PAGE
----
steroid monotherapy was independent predictor of higher renal outcome and infection
than steroid plus other immunosuppressant therapy.
CONCLUSIONS: This study showed conservative treatment could be a better
treatment option in elderly MN patients in aspect of infection and renal outcome.
Hajime Hasegawa1,2, Tetsuya Mitarai2,1, Yasuhiko Tomino2, Hitoshi Yokoyama2,
Kunihiro Yamagata2, Masayuki Iwano2, Kaori Takayanagi1
Dept of Nephrol and Hypertens, Faculty of Blood Purification Saitama Medical Center,
Saitama Medical University Kawagoe Japan and 2Study group for nephrotic syndrome
in the elderly Study group for nephrotic syndrome in the elderly Kawagoe Japan
INTRODUCTION AND AIMS: Membranous nephropathy (MN) often causes
prednisolone (PSL)-resistant nephrotic syndrome (NS) in the elderly, and forces to use
immunosuppressant which shows multiple adverse effects. Mizoribine (MZB) is an
immunosuppressant eliciting its action through the inhibition of nucleic acid
metabolism, and known to show lesser adverse effects comparing to cyclophosphamide
or cyclosporine. In this multi-centered cohort study, we investigated the clinical
advantage of MZB in the elderly with MN-induced NS.
METHODS: Thirty-six patients with biopsy-proven primary MN showing NS were
enrolled from 24 independent facilities in Japan. Enrolled patients, being older than 65
of age and preliminary obtained none of therapy, were randomly assigned to two therapeutic groups, solely administered 30 mg of PSL (P group, n=18), or concomitantly
administered 150 mg of MZB (MP group, n=18). Withdrawing procedure of PSL was
controlled by the study protocol. Measurement of urine protein and blood test was
scheduled at 0, 3, 6, 9 and 12 M after administration of medications. In a part of cases,
qualitative analysis of anti-phospholipase A2 receptor (PLA2R) titer was performed.
Averaged ages and ratio of male in both groups were 73.3 and 66.7% in MP and 72.8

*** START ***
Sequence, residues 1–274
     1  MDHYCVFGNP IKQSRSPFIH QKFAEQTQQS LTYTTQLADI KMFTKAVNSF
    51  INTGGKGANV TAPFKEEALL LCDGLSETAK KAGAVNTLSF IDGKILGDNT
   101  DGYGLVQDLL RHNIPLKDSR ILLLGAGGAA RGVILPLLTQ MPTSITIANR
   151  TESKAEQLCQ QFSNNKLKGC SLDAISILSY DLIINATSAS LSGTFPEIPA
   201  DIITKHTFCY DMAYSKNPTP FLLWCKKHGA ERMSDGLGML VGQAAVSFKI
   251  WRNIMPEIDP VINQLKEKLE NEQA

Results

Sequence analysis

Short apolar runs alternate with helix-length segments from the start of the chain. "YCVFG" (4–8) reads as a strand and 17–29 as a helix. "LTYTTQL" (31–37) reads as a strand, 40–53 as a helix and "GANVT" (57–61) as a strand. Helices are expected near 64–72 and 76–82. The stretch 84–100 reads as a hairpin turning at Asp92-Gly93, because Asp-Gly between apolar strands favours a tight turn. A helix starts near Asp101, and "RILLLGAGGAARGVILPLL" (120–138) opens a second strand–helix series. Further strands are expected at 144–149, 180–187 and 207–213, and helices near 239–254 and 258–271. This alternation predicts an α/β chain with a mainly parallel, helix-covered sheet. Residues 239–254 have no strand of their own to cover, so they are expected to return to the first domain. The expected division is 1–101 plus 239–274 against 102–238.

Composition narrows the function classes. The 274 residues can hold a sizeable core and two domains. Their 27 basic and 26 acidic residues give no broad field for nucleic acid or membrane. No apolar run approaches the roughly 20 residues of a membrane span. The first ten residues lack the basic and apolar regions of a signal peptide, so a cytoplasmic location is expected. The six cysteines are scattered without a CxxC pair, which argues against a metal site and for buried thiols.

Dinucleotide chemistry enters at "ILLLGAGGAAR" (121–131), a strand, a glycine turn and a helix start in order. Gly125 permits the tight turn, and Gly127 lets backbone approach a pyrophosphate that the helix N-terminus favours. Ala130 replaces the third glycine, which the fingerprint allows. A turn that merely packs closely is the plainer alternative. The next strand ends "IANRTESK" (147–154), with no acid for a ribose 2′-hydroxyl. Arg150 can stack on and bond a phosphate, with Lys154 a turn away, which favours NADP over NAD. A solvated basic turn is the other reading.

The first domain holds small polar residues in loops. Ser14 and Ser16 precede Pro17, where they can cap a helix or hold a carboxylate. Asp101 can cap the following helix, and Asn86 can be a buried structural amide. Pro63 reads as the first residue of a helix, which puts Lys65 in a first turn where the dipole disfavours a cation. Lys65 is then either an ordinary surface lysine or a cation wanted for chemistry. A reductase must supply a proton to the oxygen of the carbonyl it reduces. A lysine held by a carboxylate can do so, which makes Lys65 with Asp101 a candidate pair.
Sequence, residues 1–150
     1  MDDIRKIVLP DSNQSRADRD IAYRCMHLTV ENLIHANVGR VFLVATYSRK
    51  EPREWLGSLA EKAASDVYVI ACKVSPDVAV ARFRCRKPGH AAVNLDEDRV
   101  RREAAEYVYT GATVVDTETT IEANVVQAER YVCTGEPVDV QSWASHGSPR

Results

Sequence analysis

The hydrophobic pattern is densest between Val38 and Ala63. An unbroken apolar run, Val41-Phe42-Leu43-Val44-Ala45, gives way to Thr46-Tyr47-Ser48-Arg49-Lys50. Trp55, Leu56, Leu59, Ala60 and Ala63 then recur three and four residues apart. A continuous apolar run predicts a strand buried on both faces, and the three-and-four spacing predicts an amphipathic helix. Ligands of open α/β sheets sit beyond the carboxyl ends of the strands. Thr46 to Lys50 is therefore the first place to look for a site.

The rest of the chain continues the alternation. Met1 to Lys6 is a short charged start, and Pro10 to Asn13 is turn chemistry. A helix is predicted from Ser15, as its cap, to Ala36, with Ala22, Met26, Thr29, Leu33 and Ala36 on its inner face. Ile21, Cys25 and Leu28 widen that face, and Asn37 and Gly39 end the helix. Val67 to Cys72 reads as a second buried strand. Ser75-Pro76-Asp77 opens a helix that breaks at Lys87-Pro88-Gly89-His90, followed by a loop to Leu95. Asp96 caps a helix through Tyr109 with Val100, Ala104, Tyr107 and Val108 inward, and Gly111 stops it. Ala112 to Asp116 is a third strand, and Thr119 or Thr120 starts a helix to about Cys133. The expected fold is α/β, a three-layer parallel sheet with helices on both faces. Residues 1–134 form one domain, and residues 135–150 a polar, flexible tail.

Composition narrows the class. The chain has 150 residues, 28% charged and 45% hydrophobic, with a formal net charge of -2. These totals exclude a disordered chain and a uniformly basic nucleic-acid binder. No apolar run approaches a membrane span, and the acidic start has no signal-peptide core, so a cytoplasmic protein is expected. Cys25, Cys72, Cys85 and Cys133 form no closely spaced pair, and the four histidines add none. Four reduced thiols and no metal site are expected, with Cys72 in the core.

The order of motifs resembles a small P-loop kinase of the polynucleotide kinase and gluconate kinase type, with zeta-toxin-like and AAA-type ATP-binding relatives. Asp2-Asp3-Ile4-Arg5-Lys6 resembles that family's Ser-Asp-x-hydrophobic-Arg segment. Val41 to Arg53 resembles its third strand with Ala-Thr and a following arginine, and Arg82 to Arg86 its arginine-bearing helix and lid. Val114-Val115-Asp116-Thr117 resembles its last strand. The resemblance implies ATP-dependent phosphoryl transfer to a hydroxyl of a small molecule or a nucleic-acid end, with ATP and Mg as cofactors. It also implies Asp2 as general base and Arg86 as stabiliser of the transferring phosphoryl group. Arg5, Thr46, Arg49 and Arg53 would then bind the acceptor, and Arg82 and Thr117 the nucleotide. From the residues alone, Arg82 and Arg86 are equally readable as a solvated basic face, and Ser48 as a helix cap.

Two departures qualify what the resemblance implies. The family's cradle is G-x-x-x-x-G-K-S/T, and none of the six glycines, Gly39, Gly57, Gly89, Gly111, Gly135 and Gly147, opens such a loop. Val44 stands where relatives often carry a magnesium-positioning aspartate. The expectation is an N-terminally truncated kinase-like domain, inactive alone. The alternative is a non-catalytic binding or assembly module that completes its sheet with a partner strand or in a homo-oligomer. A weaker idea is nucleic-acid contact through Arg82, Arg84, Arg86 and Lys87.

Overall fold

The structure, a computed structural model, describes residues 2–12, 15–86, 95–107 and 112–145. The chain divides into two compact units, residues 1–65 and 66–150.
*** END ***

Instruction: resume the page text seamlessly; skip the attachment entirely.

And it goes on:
Ondrej Derner1, Satu Pesickova1, Zdenka Hruskova1, Barbora Svobodova1,
Jakub Zavada3, Martin Lenicek2, Romana Rysava1, Vladimir Tesar1
Department of Nephrology General University Hospital and First Faculty of Medicine,
Charles University in Prague Prague Czech Republic, 2Department of laboratory diagnostics Institute of Medical Biochemistry and Laboratory Diagnostics, First Faculty of
Medicine, Charles University in Prague Prague Czech Republic and 3Institute of
Rheumatology Institute of Rheumatology, First Faculty of Medicine, Charles University
in Prague Prague Czech Republic
INTRODUCTION AND AIMS: Lupus nephritis (LN) is one of the most severe organ
manifestations of systemic lupus erythematosus and despite great progress in the
treatment of LN in past decades, it remains a significant cause of morbidity and mortality.
The aim of this retrospective study was to compare different types of initial treatment in
terms of long-term outcome and to assess short term response after initial therapy.
METHODS: Patients with most severe forms of lupus nephritis (class III, IV and
combined forms III+V and IV+V) were enrolled into a study (n=157; median age 32.6
years; M/F 25/132), where patients were divided into 3 groups based on the initial
treatment administered: cyclophosphamide (CYC, 70.1 %), cyclosporine A (CsA, 15.9
%) and mycophenolate mophetil (MMF, 13.4 %) group. Renal response (using criteria
as defined by EULAR/ERA-EDTA recommendation 2012) after one year of treatment
was assessed in a sub study counting a total of 102 patients with biopsy proven LN diagnosed between 2007 and 2013 in our centre.
RESULTS: Median time of follow-up was 7.2 years (range 3 - 16 years). At baseline, the
CYC group had significantly higher proteinuria (median 2.3 g/day) compared to MMF
(median 0.8 g/day) (p = 0.0436) while it did not differ from CsA group. There were no
statistically significant differences in renal function among the groups at baseline. At
the end of follow-up, nor renal function neither proteinuria differed in the three
groups. During the follow up, 11/110 (10 %) patients from CYC group, 4/25 (16 %) in
the CsA group and 1/21 (4.7 %) in the MMF group died. There was no difference in the
overall survival (p=0.395). Renal replacement therapy was needed in 7/110 (6.4 %) in
CYC group, 4/25 (16 %) in CsA group and 1/21 (4.7 %) in MMF group, and the renal
survival did not significantly differ between groups. In a sub study of 102 patients, complete response at one year after renal biopsy was achieved in 72 % of patients and partial
response in 23 %, the remaining 5 % of patients were classified as non-responders.
Renal relapse during follow-up occurred in 34 % of patients.
CONCLUSIONS: Our retrospective study of patients with first manifestation of lupus
nephritis did not show any difference in long-term survival comparing three common
types of initial therapy. Short term outcomes were comparable with results of similar